Preventing Breast Cancer - National Cancer Institute USA
There is strong evidence that physical activity is associated with reduced risk of cancers of the colon and breast
The National Cancer Institute in the USA says 'There is strong evidence that physical activity is associated with reduced risk of cancers of the breast'.
The National Cancer Institute describe the link in this way:
Reduction in risk
The relationship between physical activity and breast cancer incidence has been extensively studied, with over 60 studies published in North America, Europe, Asia, and Australia.
Most studies indicate that physically active women have a lower risk of developing breast cancer than inactive women; however, the amount of risk reduction achieved through physical activity varies widely (between 20 to 80 percent). (Reference 6,7)
The importance of adolescence
Although most evidence suggests that physical activity reduces breast cancer risk in both premenopausal and postmenopausal women (Lee, above), high levels of moderate and vigorous physical activity during adolescence may be especially protective.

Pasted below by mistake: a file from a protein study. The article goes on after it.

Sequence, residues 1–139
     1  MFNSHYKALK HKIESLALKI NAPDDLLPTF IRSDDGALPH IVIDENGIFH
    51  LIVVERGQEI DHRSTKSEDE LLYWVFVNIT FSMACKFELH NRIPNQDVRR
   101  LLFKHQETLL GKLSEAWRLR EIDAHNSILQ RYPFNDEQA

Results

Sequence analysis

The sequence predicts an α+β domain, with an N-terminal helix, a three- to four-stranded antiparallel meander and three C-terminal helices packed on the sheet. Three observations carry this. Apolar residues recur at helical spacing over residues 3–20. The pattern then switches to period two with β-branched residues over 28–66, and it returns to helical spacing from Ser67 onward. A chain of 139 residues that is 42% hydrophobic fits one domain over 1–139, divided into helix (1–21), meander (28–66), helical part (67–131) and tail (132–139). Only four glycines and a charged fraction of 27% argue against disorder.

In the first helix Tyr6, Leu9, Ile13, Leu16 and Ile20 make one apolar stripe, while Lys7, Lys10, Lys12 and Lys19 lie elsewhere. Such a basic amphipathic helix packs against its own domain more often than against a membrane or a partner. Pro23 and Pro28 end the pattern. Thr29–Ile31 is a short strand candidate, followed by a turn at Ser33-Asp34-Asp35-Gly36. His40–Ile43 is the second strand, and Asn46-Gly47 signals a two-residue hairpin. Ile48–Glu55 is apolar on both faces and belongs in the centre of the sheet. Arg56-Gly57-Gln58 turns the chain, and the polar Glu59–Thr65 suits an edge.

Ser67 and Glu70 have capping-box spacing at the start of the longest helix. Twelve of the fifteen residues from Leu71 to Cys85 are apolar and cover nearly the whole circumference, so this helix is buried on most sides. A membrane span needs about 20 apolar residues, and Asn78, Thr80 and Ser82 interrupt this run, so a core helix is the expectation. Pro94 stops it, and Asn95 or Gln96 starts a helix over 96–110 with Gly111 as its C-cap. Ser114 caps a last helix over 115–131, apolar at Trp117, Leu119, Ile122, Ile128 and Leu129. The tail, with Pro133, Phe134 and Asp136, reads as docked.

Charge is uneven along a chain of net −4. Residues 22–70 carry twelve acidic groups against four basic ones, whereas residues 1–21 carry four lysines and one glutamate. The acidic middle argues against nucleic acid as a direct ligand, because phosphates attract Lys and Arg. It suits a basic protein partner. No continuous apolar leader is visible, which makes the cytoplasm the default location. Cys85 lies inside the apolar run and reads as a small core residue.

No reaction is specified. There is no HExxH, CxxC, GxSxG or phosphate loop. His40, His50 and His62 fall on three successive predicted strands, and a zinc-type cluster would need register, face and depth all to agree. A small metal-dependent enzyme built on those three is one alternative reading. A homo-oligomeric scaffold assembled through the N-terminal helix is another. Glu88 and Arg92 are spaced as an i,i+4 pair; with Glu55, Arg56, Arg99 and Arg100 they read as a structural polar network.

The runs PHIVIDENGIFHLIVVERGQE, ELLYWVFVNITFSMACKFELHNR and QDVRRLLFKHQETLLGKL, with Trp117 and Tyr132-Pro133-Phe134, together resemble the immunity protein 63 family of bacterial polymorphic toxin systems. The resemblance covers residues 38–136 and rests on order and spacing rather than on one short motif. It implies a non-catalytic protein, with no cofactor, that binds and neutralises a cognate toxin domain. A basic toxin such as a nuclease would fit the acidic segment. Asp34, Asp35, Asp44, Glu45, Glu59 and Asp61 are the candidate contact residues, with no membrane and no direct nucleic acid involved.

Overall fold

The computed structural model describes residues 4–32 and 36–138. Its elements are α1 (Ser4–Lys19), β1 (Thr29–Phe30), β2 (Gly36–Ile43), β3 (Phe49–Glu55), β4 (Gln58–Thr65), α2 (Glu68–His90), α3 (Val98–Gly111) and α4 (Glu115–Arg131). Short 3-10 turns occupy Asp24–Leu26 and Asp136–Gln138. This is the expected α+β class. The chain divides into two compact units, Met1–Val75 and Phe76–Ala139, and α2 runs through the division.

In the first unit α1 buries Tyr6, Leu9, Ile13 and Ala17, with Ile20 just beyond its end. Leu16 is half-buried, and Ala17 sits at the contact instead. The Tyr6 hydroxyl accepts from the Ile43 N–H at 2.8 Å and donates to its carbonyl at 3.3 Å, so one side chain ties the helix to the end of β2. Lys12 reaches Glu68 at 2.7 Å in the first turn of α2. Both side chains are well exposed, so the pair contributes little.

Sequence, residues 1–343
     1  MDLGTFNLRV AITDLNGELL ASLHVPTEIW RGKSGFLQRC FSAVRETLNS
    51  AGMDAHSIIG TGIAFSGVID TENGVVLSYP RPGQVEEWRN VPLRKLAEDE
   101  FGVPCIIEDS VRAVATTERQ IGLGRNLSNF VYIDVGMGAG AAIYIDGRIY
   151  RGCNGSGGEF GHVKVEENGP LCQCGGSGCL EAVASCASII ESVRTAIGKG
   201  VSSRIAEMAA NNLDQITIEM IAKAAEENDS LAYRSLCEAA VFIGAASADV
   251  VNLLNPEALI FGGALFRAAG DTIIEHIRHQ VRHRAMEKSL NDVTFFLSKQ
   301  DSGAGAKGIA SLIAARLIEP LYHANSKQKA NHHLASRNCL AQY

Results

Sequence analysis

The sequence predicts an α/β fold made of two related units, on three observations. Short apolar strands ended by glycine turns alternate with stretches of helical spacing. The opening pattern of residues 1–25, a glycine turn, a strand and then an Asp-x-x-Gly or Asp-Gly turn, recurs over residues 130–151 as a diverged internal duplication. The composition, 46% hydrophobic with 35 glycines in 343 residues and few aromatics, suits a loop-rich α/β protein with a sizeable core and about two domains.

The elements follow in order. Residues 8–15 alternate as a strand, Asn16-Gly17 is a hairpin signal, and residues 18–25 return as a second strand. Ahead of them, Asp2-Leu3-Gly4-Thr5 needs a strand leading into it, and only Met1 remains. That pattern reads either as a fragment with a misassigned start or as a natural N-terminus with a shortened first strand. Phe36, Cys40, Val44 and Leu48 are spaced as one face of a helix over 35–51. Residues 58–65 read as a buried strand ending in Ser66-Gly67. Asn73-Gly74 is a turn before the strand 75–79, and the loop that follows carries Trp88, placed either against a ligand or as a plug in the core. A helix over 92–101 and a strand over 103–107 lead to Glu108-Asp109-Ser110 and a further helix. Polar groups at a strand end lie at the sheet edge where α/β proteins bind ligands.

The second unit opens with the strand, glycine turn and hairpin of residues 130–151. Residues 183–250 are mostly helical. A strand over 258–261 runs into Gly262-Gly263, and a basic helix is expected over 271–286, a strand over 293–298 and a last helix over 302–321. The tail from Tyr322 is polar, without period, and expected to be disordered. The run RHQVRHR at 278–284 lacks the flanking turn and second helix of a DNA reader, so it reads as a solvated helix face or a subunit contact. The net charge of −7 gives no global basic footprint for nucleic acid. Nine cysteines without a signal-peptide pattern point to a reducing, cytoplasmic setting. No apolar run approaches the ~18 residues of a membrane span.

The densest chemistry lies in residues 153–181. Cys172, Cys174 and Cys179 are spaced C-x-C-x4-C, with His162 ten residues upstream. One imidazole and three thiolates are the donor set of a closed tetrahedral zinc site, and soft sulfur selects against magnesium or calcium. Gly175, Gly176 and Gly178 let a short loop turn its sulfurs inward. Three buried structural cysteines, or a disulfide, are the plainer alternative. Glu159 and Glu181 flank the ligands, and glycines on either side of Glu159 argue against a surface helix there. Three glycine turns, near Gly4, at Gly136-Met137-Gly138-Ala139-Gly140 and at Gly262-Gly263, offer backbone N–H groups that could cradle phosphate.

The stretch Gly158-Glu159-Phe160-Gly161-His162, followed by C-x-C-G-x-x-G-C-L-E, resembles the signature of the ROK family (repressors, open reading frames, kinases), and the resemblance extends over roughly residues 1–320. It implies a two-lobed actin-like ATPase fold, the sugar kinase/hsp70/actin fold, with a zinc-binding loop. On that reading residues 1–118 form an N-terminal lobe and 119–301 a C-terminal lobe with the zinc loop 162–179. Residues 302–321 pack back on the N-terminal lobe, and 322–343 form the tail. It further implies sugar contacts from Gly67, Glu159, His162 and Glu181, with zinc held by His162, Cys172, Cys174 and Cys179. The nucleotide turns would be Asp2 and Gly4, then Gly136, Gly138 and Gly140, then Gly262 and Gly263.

Although a lifetime of regular, vigorous activity is thought to be of greatest benefit, women who increase their physical activity after menopause may also experience a reduced risk compared with inactive women.
Risk reduction can relate to BMI
A number of studies also suggest that the effect of physical activity may be different across levels of BMI, with the greatest benefit seen in women in the normal weight range (generally a BMI under 25 kg/m-squared) in some studies.
The more the better
Existing evidence shows a decreasing risk of breast cancer as the frequency and duration of physical activity increase. Most studies suggest that 30 to 60 minutes per day of moderate- to high-intensity physical activity is associated with a reduction in breast cancer risk. (4,6)